Wireless LANs Get Tough

Administrators should consider third-party 802.1x supplicants to provide a unified user experience across operating systems and hardware platforms.

Microsoft Corp.s newest wireless supplicant software brings Windows XP systems up to speed with the latest security standards, but it only highlights the enterprise need for technology that is not only interoperable among different vendors solutions but also bridges wired and wireless networks.

Microsofts WPA2-compliant 802.1x supplicant software—called (deep breath now) Wi-Fi Protected Access 2 Wireless Provisioning Services Information Element update for Windows XP with Service Pack 2—opens the door for wider adoption of strong wireless encryption and authentication. However, administrators should seriously consider third-party 802.1x supplicants instead—to provide a unified user experience across operating systems and hardware platforms, to simplify access policy management and control, and to pave the way for 802.1x adoption on the wired network.

In general, IEEE 802.1x supplicant software enables the strong authentication component of the IEEE 802.11i security standard, allowing client adapters to authenticate to protected wireless networks. However, 802.1x supplicant software is just one of the technology components needed on the client to achieve 802.11i wireless security: Client adapters must also support AES (Advanced Encryption Standard) encryption and have updated drivers that comply with the standard.

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During tests, eWEEK Labs found Microsofts new supplicant effective and easy to deploy under the right conditions. However, the software is limited in features and interoperability, making it difficult to provide a unified user experience across the enterprise.

Microsofts WPA2 client integrated easily into our testbed, which included Cisco Systems Inc.s Aironet 1200 access points and Funk Software Inc.s Steel-Belted RADIUS Server 5.0. The supplicant allowed us to prioritize wireless networks and configure security settings with new support for AES-encrypted networks, in addition to its legacy support for WEP (Wired Equivalent Privacy) and TKIP (Temporal Key Integrity Protocol).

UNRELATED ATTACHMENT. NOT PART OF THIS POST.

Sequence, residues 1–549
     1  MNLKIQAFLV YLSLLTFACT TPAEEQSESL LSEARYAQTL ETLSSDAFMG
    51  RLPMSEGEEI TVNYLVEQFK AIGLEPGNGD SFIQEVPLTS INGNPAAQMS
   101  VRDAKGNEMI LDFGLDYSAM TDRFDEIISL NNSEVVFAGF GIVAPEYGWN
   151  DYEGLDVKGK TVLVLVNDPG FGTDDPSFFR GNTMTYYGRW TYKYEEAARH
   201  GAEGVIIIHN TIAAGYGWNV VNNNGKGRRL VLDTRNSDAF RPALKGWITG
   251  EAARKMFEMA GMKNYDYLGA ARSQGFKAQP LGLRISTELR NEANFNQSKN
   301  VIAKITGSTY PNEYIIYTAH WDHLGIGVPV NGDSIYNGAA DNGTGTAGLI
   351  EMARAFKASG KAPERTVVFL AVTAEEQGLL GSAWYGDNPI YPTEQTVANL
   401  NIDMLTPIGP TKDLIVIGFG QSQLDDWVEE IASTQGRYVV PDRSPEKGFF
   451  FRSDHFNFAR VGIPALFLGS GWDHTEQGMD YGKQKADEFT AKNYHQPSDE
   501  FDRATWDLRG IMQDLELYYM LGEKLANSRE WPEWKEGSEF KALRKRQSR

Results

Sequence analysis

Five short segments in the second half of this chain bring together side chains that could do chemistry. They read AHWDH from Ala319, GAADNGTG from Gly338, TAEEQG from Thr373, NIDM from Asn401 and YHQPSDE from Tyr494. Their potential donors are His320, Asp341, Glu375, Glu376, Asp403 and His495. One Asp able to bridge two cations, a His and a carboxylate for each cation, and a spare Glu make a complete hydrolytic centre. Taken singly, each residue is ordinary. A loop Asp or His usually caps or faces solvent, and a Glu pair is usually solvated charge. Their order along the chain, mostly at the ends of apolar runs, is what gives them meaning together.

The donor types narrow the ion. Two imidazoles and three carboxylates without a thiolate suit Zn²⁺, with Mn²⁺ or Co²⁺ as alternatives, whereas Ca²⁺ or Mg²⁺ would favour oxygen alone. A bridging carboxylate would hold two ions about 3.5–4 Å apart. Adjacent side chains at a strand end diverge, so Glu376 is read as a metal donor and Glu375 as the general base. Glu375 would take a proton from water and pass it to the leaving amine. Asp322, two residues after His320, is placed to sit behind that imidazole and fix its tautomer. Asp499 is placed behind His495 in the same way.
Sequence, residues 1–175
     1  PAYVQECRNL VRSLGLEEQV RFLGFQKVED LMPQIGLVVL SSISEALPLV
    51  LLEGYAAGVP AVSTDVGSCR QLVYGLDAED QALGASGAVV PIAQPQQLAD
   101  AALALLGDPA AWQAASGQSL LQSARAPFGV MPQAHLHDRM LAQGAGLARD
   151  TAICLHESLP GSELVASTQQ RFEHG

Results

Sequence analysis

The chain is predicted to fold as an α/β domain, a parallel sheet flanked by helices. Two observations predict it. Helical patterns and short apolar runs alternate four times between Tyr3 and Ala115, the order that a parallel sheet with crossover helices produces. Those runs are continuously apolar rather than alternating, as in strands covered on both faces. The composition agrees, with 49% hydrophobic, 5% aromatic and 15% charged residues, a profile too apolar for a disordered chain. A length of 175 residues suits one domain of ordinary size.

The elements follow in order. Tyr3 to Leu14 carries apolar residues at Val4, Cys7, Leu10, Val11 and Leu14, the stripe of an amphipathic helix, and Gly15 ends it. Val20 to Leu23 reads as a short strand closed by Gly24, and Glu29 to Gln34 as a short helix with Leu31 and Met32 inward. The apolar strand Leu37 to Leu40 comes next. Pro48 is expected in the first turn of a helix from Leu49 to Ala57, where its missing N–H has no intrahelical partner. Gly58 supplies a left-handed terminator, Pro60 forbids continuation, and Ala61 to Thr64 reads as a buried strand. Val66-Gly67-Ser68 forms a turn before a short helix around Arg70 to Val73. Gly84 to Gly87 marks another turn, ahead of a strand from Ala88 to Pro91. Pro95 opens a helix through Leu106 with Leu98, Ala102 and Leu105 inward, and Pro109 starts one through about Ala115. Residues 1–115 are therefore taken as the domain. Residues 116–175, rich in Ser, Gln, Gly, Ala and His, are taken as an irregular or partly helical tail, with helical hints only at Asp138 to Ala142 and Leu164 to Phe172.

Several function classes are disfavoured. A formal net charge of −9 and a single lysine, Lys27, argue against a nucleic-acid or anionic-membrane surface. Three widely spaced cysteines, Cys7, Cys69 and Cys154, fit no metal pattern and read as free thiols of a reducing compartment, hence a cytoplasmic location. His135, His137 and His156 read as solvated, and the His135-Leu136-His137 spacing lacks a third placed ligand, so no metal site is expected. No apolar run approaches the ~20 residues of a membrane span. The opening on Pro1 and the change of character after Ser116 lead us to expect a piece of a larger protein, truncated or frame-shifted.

As with Microsofts earlier WPA-compliant supplicant, the new version supports only PEAP (Protected Extensible Authentication Protocol) and EAP-TLS (EAP-Transport Layer Security) transport mechanisms, so administrators must ensure these protocols are supported and enabled on the RADIUS server.

Enterprise customers may manage clients wireless settings through GPO (Group Policy Objects), but doing this requires a Windows Server 2003-based Active Directory. WPA2 support further requires that domain controllers have Windows 2003 Service Pack 1 or patch KB811233 installed.

Administrators dont need to rely on the operating system for 802.1x functionality, however, as wireless hardware vendors generally include compatible software with their client adapters. Software supplicants are also available from third-party vendors.

In fact, hardware makers often use their client software to help distinguish their products, adding easy-to-use network and access policy creation tools that support legacy operating systems. Unfortunately, unless companies maintain a homogeneous client hardware pool, administrators will find they must maintain and deploy separate profiles for every hardware type.

To avoid this, administrators can use third-party supplicants such as Meetinghouse Data Communications Aegis Client and Funk Softwares Odyssey Client. With their support for a wide array of operating systems and hardware platforms, support for 802.1x for wireless and wired adapters alike, and ability to create complex access connection profiles, these tools can be used to provide port-based authentication across the network—even before the user logs in to the operating system.

Meetinghouse provides the underlying 802.1x and WPA technology behind many hardware vendors profile software solutions, providing its Aegis Client API and WPA Toolkit through OEM relationships. Now, with its own branded Aegis Client, Meetinghouse has plans to further integrate client profile management into Aegis Server and is working closely within the Trusted Computing Group (www. trustedcomputinggroup.org) to leverage 802.1x to provide standards-based access controls and endpoint remediation for clients on the wired network.

Funk Software, also an active member of the TCG, provides incredibly in-depth control over the supplicant. Its Odyssey Client Manager includes a Client Administrator that allowed us in tests to build profiles into an .msi we could deploy via GPO. Through policy, we could disable support for unwanted authentication methods or deny access to unauthenticated or peer networks.

Technical Analyst Andrew Garcia can be reached at andrew_garcia@ziffdavis.com.

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